“Who is this guy?’’ was a common response from the talent evaluators after seeing righthander Alexander Vizcaino and his high-octane fastball and tantalizing changeup that has drawn comparisons with a young Felix Hernandez and Fernando Rodney.
“Power fastball with a really good changeup—a changeup like King Felix’s early in his career,” vice president of baseball operations Tim Naehring said.
Vizcaino, who turns 23 early this season, tops out at 98 mph and sits in the mid-90s. His velocity is the perfect complement to his deceptive changeup that ranges from 87-90 mph.
“It’s one of the best changeups in baseball,” Naehring said. “Not the minor leagues. Not in the Yankees’ system. In all of baseball.”
Naehring backed up that claim by pointing to the depth and splitter-like action that Vizcaino imparts on his changeup, meaning that it’s not merely the separation from his fastball that makes it effective.
The strength of Vizcaino’s changeup forces batters to look for the pitch, so they are frequently caught off balance when he fires a mid-90s fastball.
Vizcaino signed a few days before his 19th birthday out of San Cristobal in 2016 and is something of a late bloomer. He is older than Gil and Medina even though he signed a year after them.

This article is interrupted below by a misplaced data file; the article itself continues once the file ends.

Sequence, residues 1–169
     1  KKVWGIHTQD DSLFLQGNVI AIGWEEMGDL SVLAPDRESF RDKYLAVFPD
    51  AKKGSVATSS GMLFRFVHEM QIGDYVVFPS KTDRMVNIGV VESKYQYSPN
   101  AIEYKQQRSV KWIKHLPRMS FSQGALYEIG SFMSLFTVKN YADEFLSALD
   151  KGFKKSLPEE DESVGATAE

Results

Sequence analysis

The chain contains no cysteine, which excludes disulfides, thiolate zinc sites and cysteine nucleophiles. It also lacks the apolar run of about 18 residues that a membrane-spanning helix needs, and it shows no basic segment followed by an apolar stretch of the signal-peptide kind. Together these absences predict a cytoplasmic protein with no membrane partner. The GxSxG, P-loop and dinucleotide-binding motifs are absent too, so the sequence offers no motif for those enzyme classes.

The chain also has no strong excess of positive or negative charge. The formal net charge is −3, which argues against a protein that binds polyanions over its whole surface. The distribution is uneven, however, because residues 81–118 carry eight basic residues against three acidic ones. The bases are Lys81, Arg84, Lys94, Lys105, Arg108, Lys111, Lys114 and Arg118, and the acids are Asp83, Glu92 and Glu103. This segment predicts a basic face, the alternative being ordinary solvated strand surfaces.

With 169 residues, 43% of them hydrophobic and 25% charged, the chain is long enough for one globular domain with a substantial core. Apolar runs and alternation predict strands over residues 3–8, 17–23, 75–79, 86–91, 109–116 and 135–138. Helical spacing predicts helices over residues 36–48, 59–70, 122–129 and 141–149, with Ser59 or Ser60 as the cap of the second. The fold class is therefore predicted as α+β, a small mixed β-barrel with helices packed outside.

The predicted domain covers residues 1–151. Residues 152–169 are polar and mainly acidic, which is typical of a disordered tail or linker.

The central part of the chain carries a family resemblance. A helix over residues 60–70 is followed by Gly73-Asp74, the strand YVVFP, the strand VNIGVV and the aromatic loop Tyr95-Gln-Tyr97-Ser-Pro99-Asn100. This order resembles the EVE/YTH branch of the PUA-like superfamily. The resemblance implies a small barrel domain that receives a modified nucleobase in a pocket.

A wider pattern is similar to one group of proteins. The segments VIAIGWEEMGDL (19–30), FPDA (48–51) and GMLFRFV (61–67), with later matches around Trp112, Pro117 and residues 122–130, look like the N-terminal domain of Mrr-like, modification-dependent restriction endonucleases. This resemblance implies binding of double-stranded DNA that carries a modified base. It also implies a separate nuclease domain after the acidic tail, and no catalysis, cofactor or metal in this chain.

“Good looking kid. He is definitely a prospect,’’ a scout said of Vizcaino, who made 16 starts for Charleston last season, going 5-5, 4.41 with 101 strikeouts in 87.2 innings and a 1.22 WHIP.
“There were good arms at Charleston. He was a little more polished and has a feel for pitching.’’
Vizcaino finished the season with five starts at high Class A Tampa. On the season, his swinging-strike rate of 16.2 percent ranked inside the top 10 for minor league pitchers with at least 100 innings.
At 6-foot-2, 160 pounds, Vizcaino drew body comparisons with the Yankees’ Domingo German.
Gil, Medina, Vizcaino and fellow Dominican righty Roansy Contreras will move in tandem to the Tampa rotation this season.